David J Gilmore
University of Nottingham
Nottingham, NG7 2RD, UK firstname.lastname@example.org
Interface Design; HCI Theory; Direct Manipulation; System Response Time; Problem-Solving; Learning
Human-Computer Interaction (HCI) has gathered many guidelines for interface design and has discovered the strengths of direct manipulation as an interaction technique. However, to date it has been generally assumed that these guidelines apply generically across all applications. In this paper I intend to question this assumption.
It seems possible that we have been fooled by the highly motivating impact of consistent, graphical, colourful, direct manipulation interfaces without reflecting carefully enough about their impact on performance. Most critically there has not been adequate recognition of the fact that there are trade-offs in evaluation (e.g. in deciding how to define performance) just as there are in design. The current evidence suggests that designing for learning and problem-solving might be harder than designing for use our current guidelines are good for optimising immediate, not future performance.
Further research is undoubtedly needed urgently, but we can suggest that
a. interfaces designed for planning, rather than situated action
may improve performance.
b. interface transparency is not a general goal for all components of all systems.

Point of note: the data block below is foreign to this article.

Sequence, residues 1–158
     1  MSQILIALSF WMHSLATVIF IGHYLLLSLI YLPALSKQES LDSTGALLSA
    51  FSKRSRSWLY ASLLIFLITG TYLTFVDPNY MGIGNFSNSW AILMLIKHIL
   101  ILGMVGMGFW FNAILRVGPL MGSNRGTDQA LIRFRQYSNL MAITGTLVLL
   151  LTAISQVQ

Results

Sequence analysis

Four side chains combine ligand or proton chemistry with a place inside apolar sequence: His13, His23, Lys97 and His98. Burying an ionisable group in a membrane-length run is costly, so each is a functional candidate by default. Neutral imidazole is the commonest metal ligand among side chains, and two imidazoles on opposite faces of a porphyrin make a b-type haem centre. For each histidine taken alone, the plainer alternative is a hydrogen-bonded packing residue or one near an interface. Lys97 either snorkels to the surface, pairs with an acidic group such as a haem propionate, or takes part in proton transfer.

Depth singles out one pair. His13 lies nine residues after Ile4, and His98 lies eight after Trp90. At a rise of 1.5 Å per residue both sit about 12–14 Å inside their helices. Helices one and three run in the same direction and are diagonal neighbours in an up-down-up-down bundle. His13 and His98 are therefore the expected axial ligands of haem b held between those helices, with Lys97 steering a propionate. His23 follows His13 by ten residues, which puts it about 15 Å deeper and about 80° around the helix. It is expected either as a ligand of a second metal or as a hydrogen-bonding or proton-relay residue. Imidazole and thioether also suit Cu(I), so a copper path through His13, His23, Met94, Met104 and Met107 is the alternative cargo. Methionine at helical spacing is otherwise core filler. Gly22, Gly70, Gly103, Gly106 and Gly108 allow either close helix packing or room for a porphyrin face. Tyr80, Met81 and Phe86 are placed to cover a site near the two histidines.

c. we need to avoid relying too heavily on unit-task models of human performance, given the richness of user goals in computer use.
At a panel at INTERCHI'93 on Graphical User Interfaces (GUIs), Bruce Tognazzini criticised the industry's current complacent acceptance of a Mac-style interface as the ideal interface. He went on to suggest that
"The first company to build a new interface responsive to the needs and abilities of today's sophisticated users can expect as great a 'win' as Apple experienced with the Macintosh" [Tognazzini, 1993, p. 473].
In the same panel session Dave Smith referred to the
"good user interface principles that all the standard GUIs obey" [Smith, 1993, p. 473].
Implicit in these statements is the notion that there is an ideal interface (presumably a GUI+) which is still waiting to be found. This reflects a general assumption within HCI that interface guidelines, principles and recommendations are generic and application independent.